HatchPedia

From Amnio to Zygote, peep our glossary of all the pregnancy and birth-related terms you never knew existed, 'til now.

Secondary Infertility

/sek·uhn·der·ee· in·fur·tl·ity/

This refers to the inability to conceive or carry a pregnancy after you’ve successfully delivered a child. It’s fairly common and many couples resort to fertility treatments to carry another child, but if you have had one successful pregnancy, you’re more likely to have another. Maternal age (if you’re over 35), sperm count, weight and whether you drink or smoke in excess may be a factor in getting pregnant again.

SIDS

/sid·z/

Sudden unexpected infant death (SUID) or sudden infant death syndrome (SIDS) are terms used to describe the sudden and unexpected death of a baby less than one year old when the cause isn’t clear. These deaths often happen during sleep or in the baby’s sleep area which is why the American Academy of Pediatrics' (AAP) has updated its guidelines to suggest the safest ways to put your baby to sleep (on their backs) and maintain their sleepy safety. About 3,500 babies in the United States die suddenly and unexpectedly each year.

Slapped Cheek Syndrome/Fifth Disease

/slap·d· cheek· sin·drohm/

Slapped cheek syndrome (also called fifth disease or parvovirus B19) is a viral infection and common childhood illness. In children, it’s very contagious (spread through hand-to-hand contact and blood) and starts with cold-like symptoms followed by a rash. If you get infected with fifth disease during pregnancy, it usually doesn’t cause problems but you can pass it to your baby during pregnancy, which can cause miscarriage and stillbirth (this is rare). About half of all pregnant women are immune to fifth disease because they had it in the past.

Spina Bifida

/spahy·nuh· bif·id·uh/

Neural tube birth defects (malformations of the spine/spinal cord and brain and the tissues that enclose them) like spina bifida and anencephaly happen when a portion of the neural tube fails to develop or close properly, causing defects in the spinal cord and in the bones of the spine. Spina bifida can range from mild to severe, depending on the type of defect, size, location and complications and treatment depends on the level of severity.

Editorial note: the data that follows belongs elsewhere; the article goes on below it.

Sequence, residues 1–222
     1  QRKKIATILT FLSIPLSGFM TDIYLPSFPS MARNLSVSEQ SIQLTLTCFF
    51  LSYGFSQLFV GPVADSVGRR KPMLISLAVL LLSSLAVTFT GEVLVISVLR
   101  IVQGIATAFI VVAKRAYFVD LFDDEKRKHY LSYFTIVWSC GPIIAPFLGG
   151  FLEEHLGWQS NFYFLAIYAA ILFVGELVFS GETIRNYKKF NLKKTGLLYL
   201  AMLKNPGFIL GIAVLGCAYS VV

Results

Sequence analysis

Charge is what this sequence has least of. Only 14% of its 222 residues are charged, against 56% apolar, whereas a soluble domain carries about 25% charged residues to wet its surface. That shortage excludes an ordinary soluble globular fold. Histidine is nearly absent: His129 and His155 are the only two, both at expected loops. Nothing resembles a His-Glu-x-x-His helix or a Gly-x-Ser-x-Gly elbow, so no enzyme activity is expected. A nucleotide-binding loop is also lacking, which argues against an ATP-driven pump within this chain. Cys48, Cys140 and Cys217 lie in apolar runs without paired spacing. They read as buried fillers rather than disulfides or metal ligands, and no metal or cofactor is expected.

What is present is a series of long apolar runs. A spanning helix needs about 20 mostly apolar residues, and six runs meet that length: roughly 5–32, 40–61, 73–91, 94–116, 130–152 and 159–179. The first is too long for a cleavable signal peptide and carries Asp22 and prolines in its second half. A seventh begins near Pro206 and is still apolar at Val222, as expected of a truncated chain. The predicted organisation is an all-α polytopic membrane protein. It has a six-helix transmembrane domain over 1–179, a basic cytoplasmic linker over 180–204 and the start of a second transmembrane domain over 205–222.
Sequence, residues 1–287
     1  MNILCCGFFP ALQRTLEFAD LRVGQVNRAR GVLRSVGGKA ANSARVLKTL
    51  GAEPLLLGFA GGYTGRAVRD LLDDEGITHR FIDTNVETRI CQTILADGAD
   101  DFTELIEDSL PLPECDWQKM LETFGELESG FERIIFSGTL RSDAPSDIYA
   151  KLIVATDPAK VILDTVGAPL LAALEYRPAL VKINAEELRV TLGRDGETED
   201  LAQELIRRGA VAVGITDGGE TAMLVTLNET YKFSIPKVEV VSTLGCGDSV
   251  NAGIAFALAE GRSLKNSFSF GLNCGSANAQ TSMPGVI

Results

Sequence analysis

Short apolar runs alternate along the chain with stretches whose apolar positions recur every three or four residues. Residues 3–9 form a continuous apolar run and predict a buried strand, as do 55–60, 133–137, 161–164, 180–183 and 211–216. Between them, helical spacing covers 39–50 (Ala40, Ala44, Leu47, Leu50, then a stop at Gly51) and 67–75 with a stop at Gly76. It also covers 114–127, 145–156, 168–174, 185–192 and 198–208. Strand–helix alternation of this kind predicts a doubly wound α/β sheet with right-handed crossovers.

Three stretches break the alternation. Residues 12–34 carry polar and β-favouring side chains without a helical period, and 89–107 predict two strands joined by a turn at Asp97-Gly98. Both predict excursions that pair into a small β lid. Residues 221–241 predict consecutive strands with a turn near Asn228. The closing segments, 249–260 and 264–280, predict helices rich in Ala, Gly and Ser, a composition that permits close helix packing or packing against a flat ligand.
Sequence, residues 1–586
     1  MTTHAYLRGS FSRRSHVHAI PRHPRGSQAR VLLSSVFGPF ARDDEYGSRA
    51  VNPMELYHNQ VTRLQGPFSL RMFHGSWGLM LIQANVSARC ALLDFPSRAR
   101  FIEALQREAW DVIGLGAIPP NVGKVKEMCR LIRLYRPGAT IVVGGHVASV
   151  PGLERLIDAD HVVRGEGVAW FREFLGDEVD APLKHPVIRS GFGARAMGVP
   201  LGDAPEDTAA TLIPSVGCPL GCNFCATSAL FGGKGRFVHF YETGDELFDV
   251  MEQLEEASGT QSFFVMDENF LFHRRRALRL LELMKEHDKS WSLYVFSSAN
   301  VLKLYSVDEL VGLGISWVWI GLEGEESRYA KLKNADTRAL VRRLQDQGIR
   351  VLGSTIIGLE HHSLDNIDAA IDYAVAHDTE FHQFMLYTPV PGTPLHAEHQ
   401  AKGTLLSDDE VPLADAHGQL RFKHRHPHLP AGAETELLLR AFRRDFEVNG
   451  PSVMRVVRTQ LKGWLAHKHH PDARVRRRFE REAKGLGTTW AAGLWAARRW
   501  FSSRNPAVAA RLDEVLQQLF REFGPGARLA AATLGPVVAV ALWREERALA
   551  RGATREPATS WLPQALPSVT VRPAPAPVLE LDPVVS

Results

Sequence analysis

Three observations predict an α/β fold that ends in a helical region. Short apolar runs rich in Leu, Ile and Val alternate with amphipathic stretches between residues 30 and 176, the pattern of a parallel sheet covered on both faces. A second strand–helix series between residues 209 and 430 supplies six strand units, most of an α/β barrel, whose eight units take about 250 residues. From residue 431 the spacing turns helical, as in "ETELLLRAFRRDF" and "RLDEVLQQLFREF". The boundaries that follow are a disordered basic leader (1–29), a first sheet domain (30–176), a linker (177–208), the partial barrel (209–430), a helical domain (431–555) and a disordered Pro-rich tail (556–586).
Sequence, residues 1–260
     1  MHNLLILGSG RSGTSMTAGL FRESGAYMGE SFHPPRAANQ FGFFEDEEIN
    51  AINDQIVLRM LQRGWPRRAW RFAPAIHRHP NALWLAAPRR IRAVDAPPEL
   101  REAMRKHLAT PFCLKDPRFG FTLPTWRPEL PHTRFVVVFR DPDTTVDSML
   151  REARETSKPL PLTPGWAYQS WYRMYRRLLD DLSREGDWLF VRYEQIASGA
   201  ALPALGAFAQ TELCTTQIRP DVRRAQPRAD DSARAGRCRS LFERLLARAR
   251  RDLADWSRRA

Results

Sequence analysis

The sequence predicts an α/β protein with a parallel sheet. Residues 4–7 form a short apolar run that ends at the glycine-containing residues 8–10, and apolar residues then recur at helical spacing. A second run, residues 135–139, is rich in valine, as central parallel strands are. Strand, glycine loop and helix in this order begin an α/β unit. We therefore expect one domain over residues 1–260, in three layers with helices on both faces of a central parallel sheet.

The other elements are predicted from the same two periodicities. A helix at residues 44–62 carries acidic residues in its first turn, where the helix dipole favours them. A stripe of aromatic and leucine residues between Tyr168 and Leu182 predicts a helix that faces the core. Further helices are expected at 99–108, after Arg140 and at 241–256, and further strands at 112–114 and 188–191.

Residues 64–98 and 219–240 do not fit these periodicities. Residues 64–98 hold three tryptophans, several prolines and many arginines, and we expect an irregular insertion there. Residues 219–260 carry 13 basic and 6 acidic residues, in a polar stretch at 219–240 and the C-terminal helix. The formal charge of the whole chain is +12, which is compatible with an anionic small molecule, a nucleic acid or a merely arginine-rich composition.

Spotting

/spa·ting/

The good news is that spotting is so super normal, especially within the first 12 weeks of pregnancy. It’s not usually a full on period, but generally lighter in flow and the color can range from pink to red and brown. Although it’s easy to get freaked out, do not panic! One cause of spotting could be implantation bleeding, when the fertilized egg attaches to the uterine lining. This spotting often happens before you even know you’re pregnant and most women confuse this with a period. Another totes harmless cause of spotting is a cervical polyp (a growth on the cervix), which is more likely to bleed due to higher estrogen levels. As usual mama, if you’re feeling like any bleeding might NOT be normal, please contact your healthcare provider. The more you know!

STD Testing

/es·tee·dee· test·ing/

A sexually transmitted disease or infection during pregnancy can pose serious health risks for you and your baby so you’ll be tested for HIV, hepatitis B and C, chlamydia, syphilis and gonorrhea even if you have been tested before. This will usually happen at the beginning and possibly at the end of the pregnancy. Be upfront with your doctor if you may have been exposed. The sooner it’s treated, the better.

Stillbirth

/stil·burth/

A stillbirth is the death or loss of a baby before or during delivery, usually the term refers to babies lost after 20 weeks of pregnancy. Reasons for such a loss include issues with the placenta, umbilical cord, high blood pressure, infections, birth defects, medical complications for the mother and labor complications. Stillbirth affects about 1 in 100 pregnancies each year in the United States–about 24,000 babies.

Stretch Marks

/stretch· mahrk·s/

We prefer the term “Warrior Marks” or “Mama Marks.” After all, if you have stretch marks from pregnancy, why not rock them with pride?! But we get it. Sometimes you’re just trying to maintain that youthful, supple pre-preggo bod. Is that so wrong?! Of course not. The bad news is that in large part, stretch marks are hereditary, so if your mama had them with you, odds are you’ll carry on that genetic code. But some defenses exist in tackling stretch marks along the way.

One of the best stretch mark strategies is making sure your skin maintains maximum elasticity. You can achieve this by eating Vitamin-rich foods that help form collagen. Vitamin C in particular helps protect tissue from damage, while Riboflavin and Niacin are known to promote healthy skin. Also, drink at least 2 liters of water a day to help strengthen and renew skin.

In tandem with eating well, our best-selling Belly Oil is a nutrient-rich quick-dry oil that helps relieve itching + reduces the appearance of stretch marks. Its baby-safe botanical blend is formulated to support skin as it stretches + provides deep hydration without leaving a greasy feel. It’s a one-two, power packed hydration from the inside out AND outside in.

Surrogacy

/sur·uh·guh·see/

Gestational surrogacy helps those who are unable to have children become parents. It’s a process that requires medical and legal expertise because it’s not legal in 13 states, so you need to go through a lawyer to make sure the process is above board! Through IVF, embryos are created in a lab at a fertility clinic. Sometimes the intended parents use their own genetic material but sometimes, an egg or sperm donor is required. Then, 1-2 embryos are implanted into a gestational carrier, who carries the baby to term. Gestational carriers have no genetic relationship to the children they deliver and they are paid by the family for their services (along with their hospital bills).